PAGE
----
“I said, ‘Mom, how do I cook?’ and she said, ‘Well we have a stove in the kitchen.’ So I guess the first risk I took was lighting a kerosene stove at 8 years old.”

In one of his first business ventures he played it safe and hired a guy who fit the bill on paper, but he quickly realized lacked the necessary intangibles. He fired him, and soon after hired a man with no experience who he could tell was teachable and driven. The partnership was profitable for both.

At Summit, one of his many valuable employees over the years started in an entry level role, but she strived to grow along with the company. Summit helped put her through school to earn her accounting degree at Florida Southern, and soon after she came back to Doc and shared her desire to earn a Master’s.

Eventually she earned her Doctorate and ended up being an accounting professor at a college. She epitomized three traits that Doc said guided his hiring mentality over the years: ambitious, hard working and unafraid to fail.

A Political Waltz

As he excelled as a businessman, Dockery also found his voice as a public servant.

In his younger years, Dockery was a registered Democrat, but by 1970, when he ran for a spot on the Polk County School Board, he was a Republican.

His transition to Republican began when he took a liking to gubernatorial candidate Claude Kirk. Dockery’s first official campaign contribution was a small wad of cash he donated to Kirk’s campaign at an event at the Lakeland Holiday Inn. That was just the beginning, and as one Tampa Bay Times article puts it, “Dockery emerged as one of the pioneers who helped build the Florida GOP into a dominant force.”

“…back then being a Democrat, hell, it was the thing to do, and there weren’t any Republicans,” he says.

That’s part of the reason he ran for the School Board — to put a face with the local Republican movement — and to his complete surprise, he won that race.

He parlayed his influence, business acumen and relational currency into a seat at many tables over the years.

One issue he spent an abundance of time, energy and personal finances on was bringing a high-speed rail system to Florida that would span the length of the East Coast. Floridians today know that such a system is still not complete, but Dockery made significant in-roads that led to a lot of the high-speed rail infrastructure that is now in place.

In 1988, Florida Gov. Bob Martinez appointed Dockery to the Florida High Speed Rail Commission. Dockery’s commitment to a rail system that would rival the bullet trains of Asia and the connectional framework of systems in Europe was so great he spent nearly $3 million of his own money to help get an amendment passed to the state constitution in 2000 that required the construction of a high-speed rail system that connected at least five major urban centers. Four years later, voters repealed the amendment.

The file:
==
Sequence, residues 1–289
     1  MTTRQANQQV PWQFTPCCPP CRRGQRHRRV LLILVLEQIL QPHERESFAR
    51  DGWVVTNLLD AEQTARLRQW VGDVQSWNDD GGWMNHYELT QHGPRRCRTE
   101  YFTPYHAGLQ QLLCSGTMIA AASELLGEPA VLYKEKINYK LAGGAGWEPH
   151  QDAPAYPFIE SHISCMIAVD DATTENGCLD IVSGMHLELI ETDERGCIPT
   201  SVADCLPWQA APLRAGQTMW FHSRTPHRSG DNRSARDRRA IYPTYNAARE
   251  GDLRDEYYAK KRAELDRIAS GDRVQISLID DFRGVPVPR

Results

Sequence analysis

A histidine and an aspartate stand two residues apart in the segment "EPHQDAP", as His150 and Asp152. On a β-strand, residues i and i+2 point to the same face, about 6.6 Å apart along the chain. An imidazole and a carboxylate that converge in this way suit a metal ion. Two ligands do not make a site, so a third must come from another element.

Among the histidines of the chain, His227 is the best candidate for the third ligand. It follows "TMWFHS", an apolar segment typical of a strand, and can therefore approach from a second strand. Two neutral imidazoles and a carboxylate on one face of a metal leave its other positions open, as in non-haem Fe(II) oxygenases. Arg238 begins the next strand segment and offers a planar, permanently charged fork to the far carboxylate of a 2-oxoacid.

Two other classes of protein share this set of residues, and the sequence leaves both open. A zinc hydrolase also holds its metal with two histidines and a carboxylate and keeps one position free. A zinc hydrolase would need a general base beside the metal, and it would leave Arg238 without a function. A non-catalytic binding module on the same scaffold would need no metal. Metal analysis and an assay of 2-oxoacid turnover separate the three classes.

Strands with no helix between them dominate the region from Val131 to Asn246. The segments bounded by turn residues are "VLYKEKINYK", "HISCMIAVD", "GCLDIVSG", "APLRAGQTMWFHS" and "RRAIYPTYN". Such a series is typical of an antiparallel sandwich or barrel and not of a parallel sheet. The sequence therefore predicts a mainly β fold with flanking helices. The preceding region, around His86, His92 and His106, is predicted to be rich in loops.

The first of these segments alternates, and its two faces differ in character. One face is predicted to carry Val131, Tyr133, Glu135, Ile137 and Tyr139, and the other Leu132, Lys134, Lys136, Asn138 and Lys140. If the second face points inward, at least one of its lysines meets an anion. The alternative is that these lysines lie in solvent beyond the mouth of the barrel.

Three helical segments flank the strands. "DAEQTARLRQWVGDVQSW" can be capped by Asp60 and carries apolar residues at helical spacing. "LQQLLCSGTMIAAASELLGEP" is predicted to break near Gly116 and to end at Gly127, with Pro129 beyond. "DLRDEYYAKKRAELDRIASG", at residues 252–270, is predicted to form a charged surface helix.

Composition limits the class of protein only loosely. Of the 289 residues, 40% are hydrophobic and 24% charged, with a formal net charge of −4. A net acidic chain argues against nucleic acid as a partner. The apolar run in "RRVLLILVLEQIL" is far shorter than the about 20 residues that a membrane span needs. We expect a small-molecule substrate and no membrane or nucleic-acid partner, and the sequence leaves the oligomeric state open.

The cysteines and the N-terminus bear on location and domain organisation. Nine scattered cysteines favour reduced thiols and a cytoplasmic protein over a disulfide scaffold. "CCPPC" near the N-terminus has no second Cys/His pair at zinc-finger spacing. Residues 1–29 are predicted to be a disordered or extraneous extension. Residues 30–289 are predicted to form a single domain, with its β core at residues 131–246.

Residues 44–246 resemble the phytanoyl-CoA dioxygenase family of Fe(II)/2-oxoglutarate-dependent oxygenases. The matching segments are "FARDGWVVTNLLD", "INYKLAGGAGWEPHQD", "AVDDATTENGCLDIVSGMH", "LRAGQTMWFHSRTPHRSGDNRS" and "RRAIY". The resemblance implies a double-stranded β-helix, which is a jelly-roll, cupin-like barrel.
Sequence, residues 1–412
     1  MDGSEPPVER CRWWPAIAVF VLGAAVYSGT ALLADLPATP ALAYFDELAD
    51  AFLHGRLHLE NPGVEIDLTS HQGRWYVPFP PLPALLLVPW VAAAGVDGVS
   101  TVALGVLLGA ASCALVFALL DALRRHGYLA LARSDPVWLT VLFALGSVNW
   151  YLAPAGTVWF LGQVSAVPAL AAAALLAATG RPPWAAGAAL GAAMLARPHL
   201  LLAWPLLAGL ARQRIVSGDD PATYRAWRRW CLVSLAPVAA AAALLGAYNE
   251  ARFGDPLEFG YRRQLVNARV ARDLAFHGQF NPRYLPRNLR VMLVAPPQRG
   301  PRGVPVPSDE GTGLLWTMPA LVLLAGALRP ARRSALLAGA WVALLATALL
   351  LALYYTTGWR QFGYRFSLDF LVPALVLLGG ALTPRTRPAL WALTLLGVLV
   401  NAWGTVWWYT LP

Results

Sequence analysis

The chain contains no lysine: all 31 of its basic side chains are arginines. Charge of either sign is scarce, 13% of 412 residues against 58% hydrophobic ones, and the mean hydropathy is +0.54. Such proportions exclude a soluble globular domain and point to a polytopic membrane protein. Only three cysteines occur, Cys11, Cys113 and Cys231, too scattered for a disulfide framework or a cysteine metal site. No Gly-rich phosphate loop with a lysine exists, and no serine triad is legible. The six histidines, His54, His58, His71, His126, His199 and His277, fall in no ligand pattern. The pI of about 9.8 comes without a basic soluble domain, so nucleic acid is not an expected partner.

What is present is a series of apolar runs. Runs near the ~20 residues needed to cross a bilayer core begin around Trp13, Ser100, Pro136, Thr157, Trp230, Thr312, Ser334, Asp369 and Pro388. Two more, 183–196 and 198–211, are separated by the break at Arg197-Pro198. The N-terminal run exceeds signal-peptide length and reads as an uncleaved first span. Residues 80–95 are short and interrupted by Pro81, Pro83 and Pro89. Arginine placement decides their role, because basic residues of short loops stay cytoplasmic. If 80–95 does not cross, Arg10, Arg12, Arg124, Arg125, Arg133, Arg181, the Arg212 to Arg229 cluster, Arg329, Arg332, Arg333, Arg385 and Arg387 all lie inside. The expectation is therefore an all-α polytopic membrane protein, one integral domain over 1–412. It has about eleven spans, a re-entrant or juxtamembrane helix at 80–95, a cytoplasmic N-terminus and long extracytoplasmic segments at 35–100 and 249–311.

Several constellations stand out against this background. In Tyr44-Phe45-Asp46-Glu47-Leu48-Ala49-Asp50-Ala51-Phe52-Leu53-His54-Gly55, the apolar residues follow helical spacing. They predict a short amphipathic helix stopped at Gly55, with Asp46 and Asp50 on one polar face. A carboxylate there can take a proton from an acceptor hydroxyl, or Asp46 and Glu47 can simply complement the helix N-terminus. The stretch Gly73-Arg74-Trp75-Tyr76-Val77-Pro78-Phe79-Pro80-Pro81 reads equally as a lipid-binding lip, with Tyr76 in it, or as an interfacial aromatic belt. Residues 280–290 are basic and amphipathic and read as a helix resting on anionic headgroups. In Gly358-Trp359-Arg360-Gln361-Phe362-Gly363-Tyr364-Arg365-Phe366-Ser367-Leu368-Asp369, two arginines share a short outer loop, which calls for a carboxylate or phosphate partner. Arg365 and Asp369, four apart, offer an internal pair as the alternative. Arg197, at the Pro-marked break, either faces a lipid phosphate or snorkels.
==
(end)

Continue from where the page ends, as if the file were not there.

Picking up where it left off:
Today, Dockery notes the success of the Brightline system in Miami, Ft. Lauderdale and West Palm Beach, but also admits he learned a long time ago that making progress in politics is a lot like learning to dance.

“It wasn’t an engineering thing, but it was political,” he said. “It was and still is and always will be.”

No Regrets

In his office, Dockery sits across from an expansive map of the world. The countries he has visited are yellow, while the rest of them are green. One could argue that Dockery has seen more of the world than he has not.

Where is one place he would like to visit if he could hop on a plane today and have an itinerary set tomorrow? Greenland.

“It was difficult to go the last time I checked because you had to fly into Denmark to then get to Greenland, but I expect it’s easier now,” he says.

Ask Dockery if he has any regrets though, and you’ll have to be comfortable with a long pause as he tracks back through a colorful, purposeful life.

“I don’t have any real regrets in my life. I don’t,” he says looking off into the distance. “I’m sitting here thinking…I’ve had some, but they are just small and you make changes to adjust.”

Dockery said until recently he was somewhat uncomfortable with the idea of “his legacy” but some of his colleagues have helped put it in perspective for him, either through conversations like the ones he’s enjoyed over the years around Lake Hollingsworth or through letters like one he received in the mail recently from former Florida Senator Rick Dantzler.

The note included the statement: If you were younger, you’d leave both parties and build the Independent party into a force because you were a builder.

“You see, a note like that…still I’ll get them,” Dockery says. “How could a person want a better legacy?”